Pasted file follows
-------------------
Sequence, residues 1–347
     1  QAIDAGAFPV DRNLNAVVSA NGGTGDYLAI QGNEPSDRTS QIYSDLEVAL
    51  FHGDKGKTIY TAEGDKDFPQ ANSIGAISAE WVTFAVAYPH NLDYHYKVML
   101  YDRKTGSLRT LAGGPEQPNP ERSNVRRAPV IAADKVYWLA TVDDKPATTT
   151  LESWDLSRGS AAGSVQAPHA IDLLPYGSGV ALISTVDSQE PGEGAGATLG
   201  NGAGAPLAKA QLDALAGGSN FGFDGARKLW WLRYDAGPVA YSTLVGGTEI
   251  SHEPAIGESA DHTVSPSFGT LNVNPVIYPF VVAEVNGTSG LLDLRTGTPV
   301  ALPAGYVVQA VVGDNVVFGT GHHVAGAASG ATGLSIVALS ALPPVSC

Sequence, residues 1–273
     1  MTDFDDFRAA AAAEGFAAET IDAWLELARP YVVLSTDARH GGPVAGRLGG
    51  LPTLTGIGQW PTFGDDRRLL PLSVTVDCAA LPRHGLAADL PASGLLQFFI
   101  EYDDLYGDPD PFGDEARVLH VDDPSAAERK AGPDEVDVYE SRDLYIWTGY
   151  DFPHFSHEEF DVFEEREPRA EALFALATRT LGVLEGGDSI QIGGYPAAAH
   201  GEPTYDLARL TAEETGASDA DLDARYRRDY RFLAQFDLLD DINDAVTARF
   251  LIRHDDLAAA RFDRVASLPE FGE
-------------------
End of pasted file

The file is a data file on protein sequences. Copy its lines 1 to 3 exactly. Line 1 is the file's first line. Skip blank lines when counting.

Sequence, residues 1–347
     1  QAIDAGAFPV DRNLNAVVSA NGGTGDYLAI QGNEPSDRTS QIYSDLEVAL
    51  FHGDKGKTIY TAEGDKDFPQ ANSIGAISAE WVTFAVAYPH NLDYHYKVML